Stories you shouldn’t miss:
1. Oakland’s budget deficit has mushroomed to $58 million — $12 million higher than Mayor Jean Quan’s administration had estimated, the Chron and Trib report. The city continues to suffer from declining revenues, and the larger-than-expected budget hole means that nearly every city department likely will experience deep cuts next year. Quan’s administration is also in negotiations with city employee unions in an effort to obtain concessions in order to avoid massive layoffs. However, at a budget hearing yesterday, Quan said she would not lay off police officers. The huge deficit also increases pressure on the council to approve Quan’s plan to put a parcel tax measure on the ballot.
2. Governor Jerry Brown has slashed programs that help the poor and disabled and has approved devastating cuts to higher education, but he has refused to substantially cut the prison guards unions’ generous compensation package. The Bay Citizen notes that the tentative contract Brown reached with the prison guards will result in “significantly lower savings” than the governor had estimated, according to the nonpartisan Legislative Analysts’ Office. Under the deal, prison guards’ pay would be reduced by just 5 percent, and the union would have to contribute more to its pension plan, while the state would have to pay more for the union’s health benefits and some senior guards would get pay raises in 2013. The contract still needs approval by the legislature.
3. A controversial deal that would allow PG&E to pay a maximum of $6 million in fines for failing to turn over key gas-line documents was questioned yesterday by the California Public Utilities Commission, the Chron and Mercury News report. Commissioners noted that the pact would allow PG&E to ignore safety regulations recommended by the PUC. PG&E, meanwhile, has rescinded its application for a license extension at its Diablo nuclear power plant near San Luis Obispo so that it can study a recently discovered earthquake fault. The utility had come under criticism, even from Republicans, for ignoring earthquake safety issues at the plant.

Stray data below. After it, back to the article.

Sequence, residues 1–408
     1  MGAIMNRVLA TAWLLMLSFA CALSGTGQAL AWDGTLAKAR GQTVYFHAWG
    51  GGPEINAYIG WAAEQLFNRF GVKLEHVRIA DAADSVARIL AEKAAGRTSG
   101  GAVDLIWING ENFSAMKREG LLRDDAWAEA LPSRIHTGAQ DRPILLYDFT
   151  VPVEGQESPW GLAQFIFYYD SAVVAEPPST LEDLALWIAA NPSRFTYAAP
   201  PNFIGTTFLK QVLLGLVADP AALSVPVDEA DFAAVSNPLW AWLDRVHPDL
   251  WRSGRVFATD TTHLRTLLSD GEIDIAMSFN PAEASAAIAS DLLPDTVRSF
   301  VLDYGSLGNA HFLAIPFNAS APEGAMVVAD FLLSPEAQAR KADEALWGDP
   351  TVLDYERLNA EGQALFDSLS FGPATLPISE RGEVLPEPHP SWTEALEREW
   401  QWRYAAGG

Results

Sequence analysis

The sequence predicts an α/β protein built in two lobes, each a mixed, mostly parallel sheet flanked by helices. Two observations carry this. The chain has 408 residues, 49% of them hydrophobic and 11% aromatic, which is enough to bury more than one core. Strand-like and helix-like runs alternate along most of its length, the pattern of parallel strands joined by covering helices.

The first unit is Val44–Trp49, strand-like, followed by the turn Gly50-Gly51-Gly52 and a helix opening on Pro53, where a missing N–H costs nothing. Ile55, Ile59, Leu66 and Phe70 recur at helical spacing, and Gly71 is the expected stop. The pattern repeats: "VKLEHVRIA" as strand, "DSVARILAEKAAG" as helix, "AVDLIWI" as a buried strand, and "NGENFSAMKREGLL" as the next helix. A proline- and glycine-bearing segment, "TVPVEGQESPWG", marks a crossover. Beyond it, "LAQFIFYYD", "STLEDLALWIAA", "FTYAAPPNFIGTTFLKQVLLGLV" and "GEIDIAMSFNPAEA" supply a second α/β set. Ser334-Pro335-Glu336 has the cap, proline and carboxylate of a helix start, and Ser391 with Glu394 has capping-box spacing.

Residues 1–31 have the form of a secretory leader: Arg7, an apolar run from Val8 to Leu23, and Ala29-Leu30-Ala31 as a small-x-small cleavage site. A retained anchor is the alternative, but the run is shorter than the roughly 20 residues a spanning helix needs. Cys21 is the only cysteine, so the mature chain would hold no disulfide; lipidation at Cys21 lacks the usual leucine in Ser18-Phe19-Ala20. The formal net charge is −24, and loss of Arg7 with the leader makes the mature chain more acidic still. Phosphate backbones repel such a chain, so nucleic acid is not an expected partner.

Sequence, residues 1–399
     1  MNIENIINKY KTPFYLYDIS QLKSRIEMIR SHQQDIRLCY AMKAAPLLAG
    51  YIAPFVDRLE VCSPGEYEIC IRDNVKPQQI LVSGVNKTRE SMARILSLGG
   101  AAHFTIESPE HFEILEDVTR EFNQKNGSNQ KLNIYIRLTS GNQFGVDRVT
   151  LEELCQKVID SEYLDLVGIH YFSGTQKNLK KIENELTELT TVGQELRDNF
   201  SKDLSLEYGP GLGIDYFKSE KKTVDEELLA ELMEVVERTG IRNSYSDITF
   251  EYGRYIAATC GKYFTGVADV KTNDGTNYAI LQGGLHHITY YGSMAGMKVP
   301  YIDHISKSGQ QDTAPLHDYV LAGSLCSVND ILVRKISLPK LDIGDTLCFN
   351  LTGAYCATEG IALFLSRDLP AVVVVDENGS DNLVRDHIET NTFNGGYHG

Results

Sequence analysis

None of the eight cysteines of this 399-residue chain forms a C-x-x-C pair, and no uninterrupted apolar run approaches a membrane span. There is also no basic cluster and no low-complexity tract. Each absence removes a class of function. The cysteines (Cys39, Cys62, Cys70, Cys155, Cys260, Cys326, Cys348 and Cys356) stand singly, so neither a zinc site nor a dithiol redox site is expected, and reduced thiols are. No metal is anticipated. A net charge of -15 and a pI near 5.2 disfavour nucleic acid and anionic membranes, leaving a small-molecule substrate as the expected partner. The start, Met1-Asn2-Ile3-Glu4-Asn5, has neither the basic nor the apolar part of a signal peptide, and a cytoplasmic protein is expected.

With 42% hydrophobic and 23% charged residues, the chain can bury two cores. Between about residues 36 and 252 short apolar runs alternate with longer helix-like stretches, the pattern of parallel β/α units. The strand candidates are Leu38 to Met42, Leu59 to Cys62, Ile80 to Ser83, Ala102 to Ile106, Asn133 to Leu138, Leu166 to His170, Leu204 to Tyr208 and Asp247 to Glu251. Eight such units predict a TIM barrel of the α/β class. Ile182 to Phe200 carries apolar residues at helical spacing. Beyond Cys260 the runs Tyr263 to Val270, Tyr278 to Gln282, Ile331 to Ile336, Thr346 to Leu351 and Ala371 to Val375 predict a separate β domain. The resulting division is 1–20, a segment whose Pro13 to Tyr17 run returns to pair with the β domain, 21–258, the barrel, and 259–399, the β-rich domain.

4. Japanese officials raised the disaster level at the crippled Daiichi nuclear power plant to match that of the Chernobyl disaster 25 years ago, AP reports. The Japanese government raised the disaster level from a 5 to a 7, the maximum on the international scale, because of widespread radiation leaks at the plant. Crews, meanwhile, are still struggling to gain control over the nuclear crisis, triggered last month by a massive earthquake and tsunami.
5. And the Ninth Circuit Court of Appeals upheld a lower court decision that invalidated Arizona’s controversial anti-illegal-immigration law, ruling that it illegally intrudes on federal authority to regulate immigration nationwide, the Chron reports.